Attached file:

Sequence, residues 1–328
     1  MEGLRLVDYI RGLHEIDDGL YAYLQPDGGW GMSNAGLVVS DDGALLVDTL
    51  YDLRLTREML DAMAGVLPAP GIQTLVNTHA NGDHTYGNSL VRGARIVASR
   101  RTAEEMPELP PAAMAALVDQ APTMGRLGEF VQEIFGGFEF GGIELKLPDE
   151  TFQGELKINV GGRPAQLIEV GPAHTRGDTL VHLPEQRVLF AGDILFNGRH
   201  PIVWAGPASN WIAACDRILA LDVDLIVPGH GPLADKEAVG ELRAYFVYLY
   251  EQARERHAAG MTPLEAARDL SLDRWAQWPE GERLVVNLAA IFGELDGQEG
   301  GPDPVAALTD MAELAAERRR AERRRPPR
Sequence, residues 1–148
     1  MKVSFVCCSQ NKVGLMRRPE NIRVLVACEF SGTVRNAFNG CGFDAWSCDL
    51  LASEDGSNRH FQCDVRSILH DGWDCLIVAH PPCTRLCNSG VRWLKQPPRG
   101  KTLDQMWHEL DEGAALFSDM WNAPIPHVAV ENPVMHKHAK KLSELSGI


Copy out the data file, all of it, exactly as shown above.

Sequence, residues 1–328
     1  MEGLRLVDYI RGLHEIDDGL YAYLQPDGGW GMSNAGLVVS DDGALLVDTL
    51  YDLRLTREML DAMAGVLPAP GIQTLVNTHA NGDHTYGNSL VRGARIVASR
   101  RTAEEMPELP PAAMAALVDQ APTMGRLGEF VQEIFGGFEF GGIELKLPDE
   151  TFQGELKINV GGRPAQLIEV GPAHTRGDTL VHLPEQRVLF AGDILFNGRH
   201  PIVWAGPASN WIAACDRILA LDVDLIVPGH GPLADKEAVG ELRAYFVYLY
   251  EQARERHAAG MTPLEAARDL SLDRWAQWPE GERLVVNLAA IFGELDGQEG
   301  GPDPVAALTD MAELAAERRR AERRRPPR
Sequence, residues 1–148
     1  MKVSFVCCSQ NKVGLMRRPE NIRVLVACEF SGTVRNAFNG CGFDAWSCDL
    51  LASEDGSNRH FQCDVRSILH DGWDCLIVAH PPCTRLCNSG VRWLKQPPRG
   101  KTLDQMWHEL DEGAALFSDM WNAPIPHVAV ENPVMHKHAK KLSELSGI